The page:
The brain's default mode network engages when people are awake and helps with the processing of emotions. The new findings add to growing evidence that subconcussive head impacts can adversely affect the brain, especially among young athletes.
"Our results suggest an increasing functional change in the brain with increasing head impact exposure," said Gowtham Krishnan Murugesan, a doctoral student in biomedical engineering at the University of Texas (UT) Southwestern Medical Center, in a release from the RSNA. "This study demonstrates that playing a season of contact sports at the youth level can produce neuroimaging brain changes, particularly for the default mode network."
Similar research was presented at RSNA 2016, in which MRI scans were performed on 24 high school football players in North Carolina before and after their season to measure changes in the brain's white-matter integrity. Those findings also suggested that just one season of playing the game caused alternations in the teenagers' brains.
In the first RSNA 2017 study, the researchers studied youth football players with no history of concussion to determine how repeated subconcussive impacts would affect the default mode network.
"The default mode network exists in the deep gray-matter areas of the brain," said Elizabeth Davenport, PhD, a postdoctoral researcher at UT Southwestern's O'Donnell Brain Institute. "It includes structures that activate when we are awake and engaging in introspection or processing emotions, which are activities that are important for brain health."
Players are, of course, exposed to numerous head impacts over the course of a season and during practice. The vast majority of the hits do not result in concussion, but there are concerns about a cumulative effect.
The researchers looked at 26 football players between the ages of 9 and 13 years who each wore a head impact telemetry system (HITS) for an entire season. The HITS helmets are lined with sensors that measure the magnitude, location, and direction of impacts to the head. The data are then used to calculate each player's risk of concussion exposure.
The researchers also equally divided the players into high-exposure and low-exposure concussion groups. Players with a history of concussion were excluded. In addition, there was a group of 13 control subjects who played noncontact sports.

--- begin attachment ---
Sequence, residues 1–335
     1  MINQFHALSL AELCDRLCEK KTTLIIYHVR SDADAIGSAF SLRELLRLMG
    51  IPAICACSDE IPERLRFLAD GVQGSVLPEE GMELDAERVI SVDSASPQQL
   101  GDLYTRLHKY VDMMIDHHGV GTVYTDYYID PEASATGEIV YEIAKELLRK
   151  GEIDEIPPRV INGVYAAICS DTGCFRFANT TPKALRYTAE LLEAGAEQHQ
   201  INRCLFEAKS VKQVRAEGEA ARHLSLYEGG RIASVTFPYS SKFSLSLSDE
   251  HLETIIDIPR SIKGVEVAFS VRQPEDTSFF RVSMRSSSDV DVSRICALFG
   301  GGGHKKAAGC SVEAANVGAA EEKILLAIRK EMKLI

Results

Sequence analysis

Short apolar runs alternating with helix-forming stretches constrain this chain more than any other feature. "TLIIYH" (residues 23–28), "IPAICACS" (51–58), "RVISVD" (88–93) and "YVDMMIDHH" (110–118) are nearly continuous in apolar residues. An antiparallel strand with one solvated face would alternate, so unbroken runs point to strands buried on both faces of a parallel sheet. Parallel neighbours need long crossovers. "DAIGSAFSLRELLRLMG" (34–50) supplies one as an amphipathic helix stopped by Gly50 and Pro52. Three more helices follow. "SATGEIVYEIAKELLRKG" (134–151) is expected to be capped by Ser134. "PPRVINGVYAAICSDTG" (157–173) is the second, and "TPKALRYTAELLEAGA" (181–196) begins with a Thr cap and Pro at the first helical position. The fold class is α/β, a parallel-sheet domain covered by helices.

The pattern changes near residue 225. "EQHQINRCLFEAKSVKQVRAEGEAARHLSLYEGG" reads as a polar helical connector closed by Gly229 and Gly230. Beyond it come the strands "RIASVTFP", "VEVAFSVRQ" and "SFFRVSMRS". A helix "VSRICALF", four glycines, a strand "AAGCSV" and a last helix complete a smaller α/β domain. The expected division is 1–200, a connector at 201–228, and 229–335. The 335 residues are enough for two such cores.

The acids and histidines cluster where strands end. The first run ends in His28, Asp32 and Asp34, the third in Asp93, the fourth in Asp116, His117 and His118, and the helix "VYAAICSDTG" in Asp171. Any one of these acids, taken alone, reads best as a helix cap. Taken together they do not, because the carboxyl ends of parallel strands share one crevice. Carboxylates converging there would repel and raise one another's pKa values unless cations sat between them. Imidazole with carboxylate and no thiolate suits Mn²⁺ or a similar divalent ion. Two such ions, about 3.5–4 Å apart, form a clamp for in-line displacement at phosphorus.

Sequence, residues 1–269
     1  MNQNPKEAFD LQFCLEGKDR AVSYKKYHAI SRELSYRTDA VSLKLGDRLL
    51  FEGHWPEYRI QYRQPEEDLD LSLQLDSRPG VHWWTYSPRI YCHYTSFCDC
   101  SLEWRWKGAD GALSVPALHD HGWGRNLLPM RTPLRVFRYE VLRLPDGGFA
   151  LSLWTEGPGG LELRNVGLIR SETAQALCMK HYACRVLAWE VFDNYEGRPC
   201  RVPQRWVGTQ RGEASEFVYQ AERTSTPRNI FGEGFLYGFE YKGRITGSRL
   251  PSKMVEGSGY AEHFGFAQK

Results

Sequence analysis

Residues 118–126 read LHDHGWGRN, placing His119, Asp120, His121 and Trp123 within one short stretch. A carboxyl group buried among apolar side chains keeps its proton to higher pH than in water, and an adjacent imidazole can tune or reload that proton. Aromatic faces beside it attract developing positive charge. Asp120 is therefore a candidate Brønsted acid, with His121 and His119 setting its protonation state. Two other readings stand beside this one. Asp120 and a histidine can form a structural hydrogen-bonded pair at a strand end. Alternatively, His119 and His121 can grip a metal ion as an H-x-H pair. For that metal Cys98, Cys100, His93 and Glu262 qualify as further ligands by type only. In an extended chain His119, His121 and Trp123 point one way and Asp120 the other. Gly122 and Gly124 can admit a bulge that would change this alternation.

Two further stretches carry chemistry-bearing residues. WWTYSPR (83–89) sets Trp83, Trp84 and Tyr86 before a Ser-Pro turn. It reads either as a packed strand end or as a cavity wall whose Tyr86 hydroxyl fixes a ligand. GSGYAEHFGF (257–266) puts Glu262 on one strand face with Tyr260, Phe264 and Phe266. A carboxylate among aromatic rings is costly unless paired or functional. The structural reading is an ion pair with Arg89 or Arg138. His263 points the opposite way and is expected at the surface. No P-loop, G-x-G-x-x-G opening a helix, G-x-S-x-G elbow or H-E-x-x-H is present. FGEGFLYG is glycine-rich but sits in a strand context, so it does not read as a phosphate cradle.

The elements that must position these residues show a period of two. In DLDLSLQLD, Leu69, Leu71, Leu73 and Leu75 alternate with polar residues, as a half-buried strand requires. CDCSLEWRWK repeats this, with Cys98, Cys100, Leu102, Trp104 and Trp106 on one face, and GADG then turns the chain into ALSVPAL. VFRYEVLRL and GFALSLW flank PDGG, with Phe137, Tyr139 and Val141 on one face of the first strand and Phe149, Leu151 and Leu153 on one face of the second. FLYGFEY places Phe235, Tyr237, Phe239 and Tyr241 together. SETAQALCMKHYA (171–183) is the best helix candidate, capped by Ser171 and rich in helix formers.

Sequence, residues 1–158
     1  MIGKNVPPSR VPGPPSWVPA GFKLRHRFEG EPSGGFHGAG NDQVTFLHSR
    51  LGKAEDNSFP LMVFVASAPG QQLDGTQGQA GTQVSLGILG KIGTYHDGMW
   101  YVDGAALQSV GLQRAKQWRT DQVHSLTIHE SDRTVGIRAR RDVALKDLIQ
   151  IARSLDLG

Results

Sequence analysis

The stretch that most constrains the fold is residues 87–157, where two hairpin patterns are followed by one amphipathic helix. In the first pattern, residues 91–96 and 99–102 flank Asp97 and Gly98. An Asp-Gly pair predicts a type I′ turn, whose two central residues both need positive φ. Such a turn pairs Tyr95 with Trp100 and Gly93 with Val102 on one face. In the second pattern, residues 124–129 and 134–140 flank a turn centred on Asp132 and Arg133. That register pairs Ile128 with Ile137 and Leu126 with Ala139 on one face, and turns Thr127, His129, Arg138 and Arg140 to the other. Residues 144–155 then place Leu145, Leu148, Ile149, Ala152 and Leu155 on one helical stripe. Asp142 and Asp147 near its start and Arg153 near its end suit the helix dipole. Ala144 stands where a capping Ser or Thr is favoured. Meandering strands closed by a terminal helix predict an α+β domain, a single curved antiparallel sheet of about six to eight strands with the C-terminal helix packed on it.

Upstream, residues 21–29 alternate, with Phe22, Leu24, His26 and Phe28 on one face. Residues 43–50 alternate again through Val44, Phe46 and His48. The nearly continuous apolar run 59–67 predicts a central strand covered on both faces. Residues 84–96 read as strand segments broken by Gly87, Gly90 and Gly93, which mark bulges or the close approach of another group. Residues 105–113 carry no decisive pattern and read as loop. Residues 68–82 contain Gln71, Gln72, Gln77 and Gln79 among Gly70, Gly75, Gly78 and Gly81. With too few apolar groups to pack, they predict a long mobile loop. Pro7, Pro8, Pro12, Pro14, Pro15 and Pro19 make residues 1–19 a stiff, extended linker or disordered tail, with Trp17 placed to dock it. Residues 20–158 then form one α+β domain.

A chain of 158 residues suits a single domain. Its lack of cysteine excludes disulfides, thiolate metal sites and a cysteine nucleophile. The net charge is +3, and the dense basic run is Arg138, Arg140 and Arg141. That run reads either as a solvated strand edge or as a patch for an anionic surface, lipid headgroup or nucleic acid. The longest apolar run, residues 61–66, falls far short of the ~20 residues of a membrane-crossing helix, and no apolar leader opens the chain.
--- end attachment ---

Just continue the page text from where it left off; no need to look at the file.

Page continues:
All of the subjects underwent resting functional MRI (fMRI) scans before and after their seasons, so default mode network subcomponents could be analyzed at both time points. That analysis was done with the help of five machine-learning classification algorithms to predict whether players were in the high-exposure, low-exposure, or noncontact groups based on the fMRI results.
The artificial intelligence (AI) technique differentiated between high-exposure and noncontact subjects with 82% accuracy. It achieved 70% accuracy in distinguishing between the low-exposure and noncontact groups.
"Our results suggest an increasing functional change in the brain with increasing head impact exposure," Murugesan said. "This study demonstrates that playing a season of contact sports at the youth level can produce neuroimaging brain changes, particularly for the default mode network."
In the second study, 20 high school football players with a median age of 16.9 years also wore HITS helmets for one season. Among the subjects, five players had experienced at least one concussion, while the remaining 15 athletes had no such history.
The players underwent an eight-minute magnetoencephalography (MEG) scan before and after the season to record and analyze the magnetic fields produced by brain activity. The researchers then analyzed the MEG power associated with the eight brain regions of the default mode network.
When the five players with a history of concussion were evaluated after the season, the researchers found significantly lower connectivity between default mode network regions. Players with no history of concussion had, on average, an increase in default mode network connectivity.
Based on the results, Davenport and colleagues concluded that concussions from previous years can influence the changes occurring in the brain during the current season. The results also suggest there are longitudinal effects of concussion that affect brain function.
"The brain's default mode network changes differently as a result of previous concussion," Davenport said. "Previous concussion seems to prime the brain for additional changes. Concussion history may be affecting the brain's ability to compensate for subconcussive impacts."
Davenport and Murugesan recommended that longitudinal studies be conducted to follow young football players and to combine MEG and fMRI to better understand the complex factors involved in concussions.